Erin Martin
May 01, 2012 rated it it was ok
Recommends it for: Absolutely no one!
Recommended to Erin by: Thankfully no one
This review has been hidden because it contains spoilers. To view it, click here.
Jul 18, 2019 rated it did not like it  ·  review of another edition
Not only DNF, but I want to personally travel the world to projectile vomit on every extant copy of this disgusting piece of creepy misogynist trash.
Katherine Addison
I don't actually like Ellroy, and I think this book shows me why. It is a memoir, both of Ellroy's childhood, adolescence, young adulthood, and of his investigation into his mother's murder. Ellroy is very hard-boiled. He talks tough. It's hard to tell whether he himself is racist, misogynistic, and homophobic, or whether he's acutely self-aware and holding up a mirror to our society. I found My Dark Places less relentlessly noir than L.A. Confidential or the other Ellroy book I've read, the nam ...more
In 'My Dark Places' James Ellroy reenacts his mothers murder by canvasing the pages of the cold case murder book to deliver a matter-of-fact police procedural with a high degree of emotional detachment - more noticeable given the difficult primary subject. Initially overly descriptive and heavy on nostalgia, this open heart semi biography brings life to ghosts long forgotten and illuminates the troubles of a younger James Ellroy. Both inspiring and frustrating, the procession of the later invest ...more
Kristi Lamont
I cannot rate this book. I hated it. But also hated that I couldn't quit reading it. I hated the writing style, I hated the content, I hated the whole Los Angeles as a character aspect of it, I hated that James Ellroy not only went to his "dark places" but dragged me there with him. (Some things? Some things just aren't meant to be shared.) So disturbing I had to actually stop in the middle of reading it and ingest some chick-lit cotton candy silliness in order to give myself a break from the bl ...more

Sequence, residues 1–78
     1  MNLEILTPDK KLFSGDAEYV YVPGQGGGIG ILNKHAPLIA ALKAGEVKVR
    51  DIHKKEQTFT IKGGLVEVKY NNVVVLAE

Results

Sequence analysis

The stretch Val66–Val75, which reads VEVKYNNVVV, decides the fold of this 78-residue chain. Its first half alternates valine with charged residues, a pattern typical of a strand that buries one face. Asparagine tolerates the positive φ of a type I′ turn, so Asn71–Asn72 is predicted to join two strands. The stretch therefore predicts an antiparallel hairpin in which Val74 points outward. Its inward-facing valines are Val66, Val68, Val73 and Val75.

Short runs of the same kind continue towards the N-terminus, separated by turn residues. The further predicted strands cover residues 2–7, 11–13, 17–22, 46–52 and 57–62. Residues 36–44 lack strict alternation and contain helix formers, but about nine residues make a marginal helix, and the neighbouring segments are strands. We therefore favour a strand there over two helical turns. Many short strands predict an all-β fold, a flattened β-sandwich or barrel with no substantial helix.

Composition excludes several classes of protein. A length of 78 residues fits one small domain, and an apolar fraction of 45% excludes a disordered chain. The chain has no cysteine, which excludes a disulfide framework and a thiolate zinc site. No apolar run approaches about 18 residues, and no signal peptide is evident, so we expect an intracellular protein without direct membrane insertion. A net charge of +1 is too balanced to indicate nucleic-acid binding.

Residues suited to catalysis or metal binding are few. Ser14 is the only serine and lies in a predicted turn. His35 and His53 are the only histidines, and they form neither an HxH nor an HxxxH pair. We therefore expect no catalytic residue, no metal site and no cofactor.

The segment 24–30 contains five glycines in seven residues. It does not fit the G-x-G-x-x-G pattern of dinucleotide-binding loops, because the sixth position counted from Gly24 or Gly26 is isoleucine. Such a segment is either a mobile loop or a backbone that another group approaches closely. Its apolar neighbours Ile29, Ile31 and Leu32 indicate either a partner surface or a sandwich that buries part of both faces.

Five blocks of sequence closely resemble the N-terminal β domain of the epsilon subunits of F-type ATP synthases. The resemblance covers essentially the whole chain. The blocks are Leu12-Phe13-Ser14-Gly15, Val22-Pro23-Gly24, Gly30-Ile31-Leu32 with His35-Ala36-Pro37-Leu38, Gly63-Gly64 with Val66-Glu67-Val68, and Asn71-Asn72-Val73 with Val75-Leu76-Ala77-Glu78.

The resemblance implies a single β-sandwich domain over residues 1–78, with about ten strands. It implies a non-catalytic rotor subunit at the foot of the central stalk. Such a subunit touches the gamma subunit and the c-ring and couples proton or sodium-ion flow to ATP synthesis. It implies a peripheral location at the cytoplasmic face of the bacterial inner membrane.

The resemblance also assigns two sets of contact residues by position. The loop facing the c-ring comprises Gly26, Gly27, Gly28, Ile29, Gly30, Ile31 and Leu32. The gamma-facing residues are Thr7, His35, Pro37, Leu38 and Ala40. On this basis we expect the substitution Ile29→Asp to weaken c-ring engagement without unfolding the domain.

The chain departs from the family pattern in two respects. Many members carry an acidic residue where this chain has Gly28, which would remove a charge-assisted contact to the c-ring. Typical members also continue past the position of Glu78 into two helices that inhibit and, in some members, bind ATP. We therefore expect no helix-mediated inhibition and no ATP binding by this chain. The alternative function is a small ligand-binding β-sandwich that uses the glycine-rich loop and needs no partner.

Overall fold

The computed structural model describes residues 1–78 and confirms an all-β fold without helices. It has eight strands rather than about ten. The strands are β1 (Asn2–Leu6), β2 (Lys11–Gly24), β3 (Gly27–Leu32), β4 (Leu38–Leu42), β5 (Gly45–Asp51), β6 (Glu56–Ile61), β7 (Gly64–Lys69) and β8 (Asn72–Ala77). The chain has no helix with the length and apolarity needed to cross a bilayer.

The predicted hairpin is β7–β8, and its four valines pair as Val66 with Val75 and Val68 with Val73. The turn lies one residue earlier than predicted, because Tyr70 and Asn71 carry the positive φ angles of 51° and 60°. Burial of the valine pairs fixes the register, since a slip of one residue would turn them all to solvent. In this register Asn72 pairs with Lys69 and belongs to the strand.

Aug 30, 2018 rated it it was amazing
I think anyone interested in reading this book you be well served to be warned about what they are getting into. This is not a light read. This is not the kind of book you skim and read on a beach. This is not a book that will bring you the tiniest degree of joy or happiness. You should still read it.
Written as a book length extension of a magazine piece he did investigating the brutal murder of his mother 40 years earlier, Ellroy holds nothing back here. If the purpose of memoir is catharsis
David Groves
Sep 22, 2016 rated it it was ok
I started reading this book a couple days ago, and was riveted for a few pages. However, bit by bit, my interest flagged, until finally now, at page 97, I'm giving up on it. I don't see my interest in the book surging because I don't like where he's going with the whole thing.

Ellroy started out giving a detailed account of the murder, starting out with the discovery of the corpse by some Little League baseball players and their fathers, and then the police coming and trying to figure out the wom
This review has been hidden because it contains spoilers. To view it, click here.
Bernard Rodriguez
Jun 15, 2010 rated it it was amazing

Part true crime murder mystery, part creep-o confessional; Ellroy's romansbilding is a tale of multiple shames, and indignities. The guilt of not doing his mother's death justice by loving her in life, and the shame of dragging her murder into the public eye for personal exploitation.

Meeting critics head on and confronting them with brutal honesty about his motivations, Ellroy's candidness severs through any judgements of the man you can make today. Scumbag first class? Sure. Grave robber? Mayb
Apr 02, 2013 rated it really liked it
Shelves: favorites, crime-noir